The Air I Breathe - Business Media MAGS

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The Air I Breathe

Considering how much time we spend at our desks, air quality is not something to be sniffed at, says Anthony Sharpe.

With its reliance on coal power, South Africa produces an enormous amount of air pollution. It’s easy to steer clear of smoky factories, but what about the air in your office? Just how healthy is it?

It pays to know what to look out for.

“The basic things you need to monitor are temperature, humidity and carbon dioxide levels,” says Brett Bayvel of Sensor Monitoring and Reporting Technologies. “You can get more technical, but if you’re running a company and you want to know the comfort levels are right – that people are getting enough fresh air to concentrate and not spread germs around – these are what you want to look at.”

There are other, more pernicious things to look out for too. Volatile organic compounds (VOCs) are common chemicals found in cleaning agents, flame-retardant materials, carpets and paints, among others, that can cause health issues.

Systemic problems

If you have a whole lot of people in a closed space, you’re obviously going to have carbon dioxide build-up. “Most people spend 90 per cent of their working day indoors,” says Bayvel. “You have a big company with a huge building, a thousand people working there, you’re relying on the heating, ventilation and air conditioning (HVAC) system to keep the air flowing correctly.” If that system isn’t properly maintained – if the filters aren’t regularly changed, for example – then you start to get problems. “Once you have excessive carbon dioxide, people start losing concentration, it can lead to nausea, headaches and nasal irritation, asthma complications, or dry throat.”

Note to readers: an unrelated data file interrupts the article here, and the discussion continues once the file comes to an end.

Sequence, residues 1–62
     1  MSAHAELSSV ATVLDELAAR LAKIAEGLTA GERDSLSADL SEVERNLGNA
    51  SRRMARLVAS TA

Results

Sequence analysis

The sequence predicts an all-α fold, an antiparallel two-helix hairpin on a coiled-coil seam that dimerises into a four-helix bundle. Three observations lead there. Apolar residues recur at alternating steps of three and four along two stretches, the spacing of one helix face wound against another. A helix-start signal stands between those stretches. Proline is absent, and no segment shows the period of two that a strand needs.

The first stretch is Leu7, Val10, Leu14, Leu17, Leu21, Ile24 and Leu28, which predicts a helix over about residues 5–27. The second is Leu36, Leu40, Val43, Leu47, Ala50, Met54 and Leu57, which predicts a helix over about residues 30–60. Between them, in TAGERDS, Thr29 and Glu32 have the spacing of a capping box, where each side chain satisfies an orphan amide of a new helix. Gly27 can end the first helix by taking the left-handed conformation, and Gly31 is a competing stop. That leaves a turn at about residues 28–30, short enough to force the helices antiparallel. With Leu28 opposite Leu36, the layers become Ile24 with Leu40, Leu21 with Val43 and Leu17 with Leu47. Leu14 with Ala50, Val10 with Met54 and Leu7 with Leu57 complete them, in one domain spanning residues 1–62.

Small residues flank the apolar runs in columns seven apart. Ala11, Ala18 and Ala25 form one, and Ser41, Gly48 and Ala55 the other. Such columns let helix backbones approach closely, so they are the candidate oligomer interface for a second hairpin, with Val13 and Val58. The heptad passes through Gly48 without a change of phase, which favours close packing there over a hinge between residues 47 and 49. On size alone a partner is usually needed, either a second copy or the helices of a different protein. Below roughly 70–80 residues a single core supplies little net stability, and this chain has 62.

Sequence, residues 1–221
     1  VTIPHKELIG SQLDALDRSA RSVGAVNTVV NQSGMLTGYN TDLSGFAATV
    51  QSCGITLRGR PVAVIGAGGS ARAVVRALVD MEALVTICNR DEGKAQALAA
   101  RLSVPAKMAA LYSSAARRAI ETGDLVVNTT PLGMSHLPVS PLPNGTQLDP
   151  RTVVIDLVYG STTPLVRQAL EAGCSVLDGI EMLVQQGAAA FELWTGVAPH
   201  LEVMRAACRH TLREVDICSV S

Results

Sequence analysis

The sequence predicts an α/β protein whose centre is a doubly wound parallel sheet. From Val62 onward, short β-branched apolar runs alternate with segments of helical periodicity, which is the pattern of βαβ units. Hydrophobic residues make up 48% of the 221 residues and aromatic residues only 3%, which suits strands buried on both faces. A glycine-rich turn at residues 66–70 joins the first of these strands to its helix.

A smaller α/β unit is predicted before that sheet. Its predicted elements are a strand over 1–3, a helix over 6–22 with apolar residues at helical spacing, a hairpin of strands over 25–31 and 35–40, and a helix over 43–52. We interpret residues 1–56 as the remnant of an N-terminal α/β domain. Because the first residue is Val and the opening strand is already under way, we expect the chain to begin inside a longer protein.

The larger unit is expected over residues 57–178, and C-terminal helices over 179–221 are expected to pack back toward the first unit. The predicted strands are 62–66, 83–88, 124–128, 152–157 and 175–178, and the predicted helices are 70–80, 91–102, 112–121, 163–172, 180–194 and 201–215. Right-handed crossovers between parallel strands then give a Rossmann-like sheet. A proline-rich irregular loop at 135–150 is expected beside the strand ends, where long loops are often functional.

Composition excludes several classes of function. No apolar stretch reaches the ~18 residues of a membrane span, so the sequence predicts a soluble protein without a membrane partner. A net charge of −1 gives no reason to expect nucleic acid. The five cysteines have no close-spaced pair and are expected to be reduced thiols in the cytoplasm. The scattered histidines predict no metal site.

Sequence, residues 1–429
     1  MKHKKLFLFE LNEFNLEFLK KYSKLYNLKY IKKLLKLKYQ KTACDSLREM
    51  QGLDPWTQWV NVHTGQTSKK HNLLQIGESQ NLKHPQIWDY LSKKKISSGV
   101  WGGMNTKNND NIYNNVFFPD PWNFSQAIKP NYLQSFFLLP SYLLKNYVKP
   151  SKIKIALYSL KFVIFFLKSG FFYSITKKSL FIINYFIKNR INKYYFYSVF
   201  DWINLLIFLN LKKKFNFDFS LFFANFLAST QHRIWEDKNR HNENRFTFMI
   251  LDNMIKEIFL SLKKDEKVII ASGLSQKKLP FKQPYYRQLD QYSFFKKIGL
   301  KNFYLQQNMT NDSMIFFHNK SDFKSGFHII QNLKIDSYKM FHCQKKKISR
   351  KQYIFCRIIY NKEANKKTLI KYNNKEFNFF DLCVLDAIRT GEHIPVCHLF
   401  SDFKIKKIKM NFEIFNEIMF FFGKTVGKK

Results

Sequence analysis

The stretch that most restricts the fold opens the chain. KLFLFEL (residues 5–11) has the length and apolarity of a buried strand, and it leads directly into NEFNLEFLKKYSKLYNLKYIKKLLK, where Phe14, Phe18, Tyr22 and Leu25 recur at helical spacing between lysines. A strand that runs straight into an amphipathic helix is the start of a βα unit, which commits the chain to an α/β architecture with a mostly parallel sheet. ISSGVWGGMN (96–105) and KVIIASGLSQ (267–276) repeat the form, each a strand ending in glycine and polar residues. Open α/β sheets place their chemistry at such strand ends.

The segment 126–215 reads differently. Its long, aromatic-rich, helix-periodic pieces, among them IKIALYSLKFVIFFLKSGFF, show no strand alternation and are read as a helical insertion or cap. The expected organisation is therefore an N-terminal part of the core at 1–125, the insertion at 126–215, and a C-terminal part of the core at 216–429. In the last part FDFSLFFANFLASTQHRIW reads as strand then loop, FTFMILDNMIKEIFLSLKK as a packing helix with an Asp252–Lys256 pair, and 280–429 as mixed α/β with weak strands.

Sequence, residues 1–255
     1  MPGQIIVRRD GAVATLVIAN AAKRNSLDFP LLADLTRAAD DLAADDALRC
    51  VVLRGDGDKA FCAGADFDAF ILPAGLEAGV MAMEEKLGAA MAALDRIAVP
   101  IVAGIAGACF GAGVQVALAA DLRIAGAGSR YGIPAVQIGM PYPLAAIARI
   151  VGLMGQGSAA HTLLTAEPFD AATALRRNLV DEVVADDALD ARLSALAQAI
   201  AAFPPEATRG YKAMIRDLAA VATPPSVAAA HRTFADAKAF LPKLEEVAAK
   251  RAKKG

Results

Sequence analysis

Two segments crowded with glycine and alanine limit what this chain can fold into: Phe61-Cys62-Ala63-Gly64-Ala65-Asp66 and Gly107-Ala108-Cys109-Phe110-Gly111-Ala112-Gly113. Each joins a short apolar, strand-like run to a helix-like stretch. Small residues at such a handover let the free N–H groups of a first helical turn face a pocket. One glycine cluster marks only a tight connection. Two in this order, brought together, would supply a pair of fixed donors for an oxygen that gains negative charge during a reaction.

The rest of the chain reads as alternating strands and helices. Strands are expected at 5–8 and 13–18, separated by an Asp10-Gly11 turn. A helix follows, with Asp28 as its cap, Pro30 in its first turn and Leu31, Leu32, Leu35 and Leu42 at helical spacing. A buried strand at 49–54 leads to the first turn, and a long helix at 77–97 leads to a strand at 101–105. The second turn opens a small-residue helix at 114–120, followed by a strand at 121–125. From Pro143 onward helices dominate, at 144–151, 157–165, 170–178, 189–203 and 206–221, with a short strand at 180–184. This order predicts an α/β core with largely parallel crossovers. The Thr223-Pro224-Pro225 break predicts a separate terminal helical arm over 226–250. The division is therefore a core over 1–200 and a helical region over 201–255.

Bayvel says air quality monitoring has traditionally been done the old-fashioned way in South Africa. “A lot of companies use private guys to walk around their buildings with handheld air quality monitors and then manually document the data, which is crazy.” While internet-connected sensors are available in South Africa, Bayvel believes we’re behind the curve in terms of adoption. This is partly because of a lack of enforcement. “Companies are not spending money on these sorts of things; they’re spending on things that are more heavily policed around building compliance.”

Breathing big data

Sensors are typically cheap, easy to install and connect wirelessly, which makes them ideal for large-scale deployment around large workplaces. Building managers can also access a wealth of information, building up useful datasets over time.

Mark Rowand, director of SI Analytics, says he has seen some interest in monitoring from HVAC companies. “Once you’ve got a month’s worth of data,” says Rowand, “you can start analysing trends. Take a typical call centre where employees come in for a shift and you see a rapid rise in CO2, then once they go for lunch it goes down. You can start to learn about a building and the individual rooms by looking at the data.”

SI Analytics counts the Sandton office of Bloomberg as a client, and points to their London office as a good example of smart building management. “There’s almost a predictive system in place,” he explains.

“If they sense a heavy diesel truck coming down the one side of the building, they shut off the ventilation on that side and open it up on the other. It’s almost like a living building reacting to outside pollution.”

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